Disclaimer: This product was provided to me free of charge through Classic Academic Press as part of my participation in The Old Schoolhouse Homeschool Crew. I received no additional compensation and the opinions expressed here come from my personal experiences and sincere thoughts.

TOS Crew Review — Big IQ Kids

March 24th, 2011

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As my kids get older it is easy to focus on their core texts and let other, but still important, subjects slip a little. Just when I was grappling with how to keep on top of those little areas, Big IQ Kids came to my rescue.

This online program allows kids to learn independently in four essential areas — spelling, vocabulary, US geography, and math. They can just go with the flow of the program or you can customize it to their needs or your current academic focus. I was so grateful to be able to set it up initially, and then let my 6th and 8th graders run with it. I required them to do a lesson in spelling, vocab, and geography each day and it freed me up to work with my other kids knowing that these areas were covered.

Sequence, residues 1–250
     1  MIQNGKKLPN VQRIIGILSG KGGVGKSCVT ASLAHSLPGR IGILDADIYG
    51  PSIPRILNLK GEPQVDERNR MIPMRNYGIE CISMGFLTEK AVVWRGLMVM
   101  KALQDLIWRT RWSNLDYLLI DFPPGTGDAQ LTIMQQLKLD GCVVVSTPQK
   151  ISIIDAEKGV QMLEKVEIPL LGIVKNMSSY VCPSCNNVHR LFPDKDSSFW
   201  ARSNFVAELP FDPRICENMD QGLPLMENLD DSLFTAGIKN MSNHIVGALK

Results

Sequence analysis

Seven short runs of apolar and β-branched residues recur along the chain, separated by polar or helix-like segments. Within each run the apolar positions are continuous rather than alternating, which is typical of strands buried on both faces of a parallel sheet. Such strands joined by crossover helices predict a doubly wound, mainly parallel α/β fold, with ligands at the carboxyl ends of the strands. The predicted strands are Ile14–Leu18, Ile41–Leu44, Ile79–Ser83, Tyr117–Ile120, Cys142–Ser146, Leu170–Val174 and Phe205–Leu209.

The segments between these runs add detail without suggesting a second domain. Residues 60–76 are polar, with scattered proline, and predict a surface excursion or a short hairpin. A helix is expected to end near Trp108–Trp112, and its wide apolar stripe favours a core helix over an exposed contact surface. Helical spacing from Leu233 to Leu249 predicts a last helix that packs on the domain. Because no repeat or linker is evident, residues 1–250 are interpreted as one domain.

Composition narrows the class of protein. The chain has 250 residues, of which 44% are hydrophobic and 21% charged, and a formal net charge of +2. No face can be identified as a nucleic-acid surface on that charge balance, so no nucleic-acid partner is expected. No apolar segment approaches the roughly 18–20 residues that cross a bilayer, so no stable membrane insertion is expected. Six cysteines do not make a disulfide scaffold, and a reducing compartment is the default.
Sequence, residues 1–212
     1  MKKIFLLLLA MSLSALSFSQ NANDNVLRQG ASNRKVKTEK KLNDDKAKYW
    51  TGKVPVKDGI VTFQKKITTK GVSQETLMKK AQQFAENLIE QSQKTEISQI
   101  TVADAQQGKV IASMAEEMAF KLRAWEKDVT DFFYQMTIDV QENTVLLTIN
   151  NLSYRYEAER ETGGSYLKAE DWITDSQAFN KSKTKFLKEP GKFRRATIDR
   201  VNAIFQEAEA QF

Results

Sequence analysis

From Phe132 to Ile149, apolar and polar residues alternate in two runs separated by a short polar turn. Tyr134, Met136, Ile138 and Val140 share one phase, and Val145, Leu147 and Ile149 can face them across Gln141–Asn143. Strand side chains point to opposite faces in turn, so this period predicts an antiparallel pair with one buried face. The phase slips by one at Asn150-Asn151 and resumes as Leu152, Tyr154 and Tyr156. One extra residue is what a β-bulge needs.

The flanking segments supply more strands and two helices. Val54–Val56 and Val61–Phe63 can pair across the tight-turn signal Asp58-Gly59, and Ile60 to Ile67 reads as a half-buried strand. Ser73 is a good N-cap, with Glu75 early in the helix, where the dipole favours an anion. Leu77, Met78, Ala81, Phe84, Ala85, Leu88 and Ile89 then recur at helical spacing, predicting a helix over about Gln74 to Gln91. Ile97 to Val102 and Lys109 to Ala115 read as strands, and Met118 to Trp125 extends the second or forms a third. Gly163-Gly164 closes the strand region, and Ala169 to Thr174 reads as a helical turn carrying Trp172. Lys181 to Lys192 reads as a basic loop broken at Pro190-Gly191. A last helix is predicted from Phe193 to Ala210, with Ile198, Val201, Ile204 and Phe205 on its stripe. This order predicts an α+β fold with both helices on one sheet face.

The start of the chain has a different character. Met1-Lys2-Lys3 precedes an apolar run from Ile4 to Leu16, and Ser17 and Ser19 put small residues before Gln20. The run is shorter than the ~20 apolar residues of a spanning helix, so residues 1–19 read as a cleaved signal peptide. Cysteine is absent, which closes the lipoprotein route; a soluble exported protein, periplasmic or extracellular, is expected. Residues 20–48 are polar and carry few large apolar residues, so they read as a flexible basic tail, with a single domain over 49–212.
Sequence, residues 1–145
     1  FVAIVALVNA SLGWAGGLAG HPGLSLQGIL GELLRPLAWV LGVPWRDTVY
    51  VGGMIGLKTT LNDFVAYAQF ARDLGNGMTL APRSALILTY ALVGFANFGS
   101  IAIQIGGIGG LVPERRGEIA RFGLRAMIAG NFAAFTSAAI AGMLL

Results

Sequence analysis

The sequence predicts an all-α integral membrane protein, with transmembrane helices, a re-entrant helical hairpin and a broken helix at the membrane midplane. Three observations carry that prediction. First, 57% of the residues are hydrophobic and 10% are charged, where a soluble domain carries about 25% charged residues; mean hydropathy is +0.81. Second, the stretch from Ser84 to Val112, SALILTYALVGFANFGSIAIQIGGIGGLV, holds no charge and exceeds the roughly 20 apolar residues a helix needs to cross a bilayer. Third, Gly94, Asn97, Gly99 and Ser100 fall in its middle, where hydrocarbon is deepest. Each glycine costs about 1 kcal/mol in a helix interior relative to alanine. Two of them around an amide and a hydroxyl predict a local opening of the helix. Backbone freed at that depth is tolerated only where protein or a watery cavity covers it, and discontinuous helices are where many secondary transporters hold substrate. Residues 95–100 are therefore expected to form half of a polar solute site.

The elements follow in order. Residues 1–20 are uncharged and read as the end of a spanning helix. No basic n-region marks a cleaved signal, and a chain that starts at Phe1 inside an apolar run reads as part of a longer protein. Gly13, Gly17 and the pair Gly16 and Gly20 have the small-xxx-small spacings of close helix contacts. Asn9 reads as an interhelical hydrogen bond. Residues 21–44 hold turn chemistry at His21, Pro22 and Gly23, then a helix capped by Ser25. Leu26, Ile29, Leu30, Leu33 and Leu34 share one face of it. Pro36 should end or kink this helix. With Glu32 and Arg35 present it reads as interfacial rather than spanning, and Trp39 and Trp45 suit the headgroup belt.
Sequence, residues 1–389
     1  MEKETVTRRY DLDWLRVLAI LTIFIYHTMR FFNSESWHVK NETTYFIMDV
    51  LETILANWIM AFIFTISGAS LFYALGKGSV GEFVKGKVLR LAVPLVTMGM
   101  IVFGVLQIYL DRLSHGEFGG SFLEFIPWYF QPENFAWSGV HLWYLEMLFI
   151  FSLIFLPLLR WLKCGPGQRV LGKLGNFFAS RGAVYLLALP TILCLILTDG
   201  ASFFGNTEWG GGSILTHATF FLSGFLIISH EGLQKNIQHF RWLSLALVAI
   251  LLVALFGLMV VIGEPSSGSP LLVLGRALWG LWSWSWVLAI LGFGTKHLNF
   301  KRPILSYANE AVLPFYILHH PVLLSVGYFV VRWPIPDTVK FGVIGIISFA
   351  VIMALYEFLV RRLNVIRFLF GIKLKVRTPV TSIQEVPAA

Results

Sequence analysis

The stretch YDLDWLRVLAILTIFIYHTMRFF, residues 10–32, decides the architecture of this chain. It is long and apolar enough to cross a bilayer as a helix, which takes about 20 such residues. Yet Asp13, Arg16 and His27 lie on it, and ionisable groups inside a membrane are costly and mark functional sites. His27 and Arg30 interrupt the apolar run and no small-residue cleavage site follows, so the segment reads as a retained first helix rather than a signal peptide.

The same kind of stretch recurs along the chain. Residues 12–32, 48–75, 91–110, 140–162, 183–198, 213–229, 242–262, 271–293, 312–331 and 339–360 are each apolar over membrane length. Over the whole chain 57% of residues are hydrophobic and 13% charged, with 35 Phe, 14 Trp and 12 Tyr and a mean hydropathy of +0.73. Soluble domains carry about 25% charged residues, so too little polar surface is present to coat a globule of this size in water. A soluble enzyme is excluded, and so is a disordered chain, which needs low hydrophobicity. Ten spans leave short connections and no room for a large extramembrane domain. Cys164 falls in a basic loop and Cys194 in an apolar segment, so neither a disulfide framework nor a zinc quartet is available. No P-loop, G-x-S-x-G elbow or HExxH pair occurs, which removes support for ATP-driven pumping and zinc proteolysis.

Here is an example of the different levels of membership and what they offer you in just one area of the website:

My kids have really enjoyed using this and it takes little oversight on my part. They get excited about advancing and it has really helped my daughter’s spelling in particular. It was a great review of state information as well and has overall been a great fit to teach and review in the four areas covered on their site.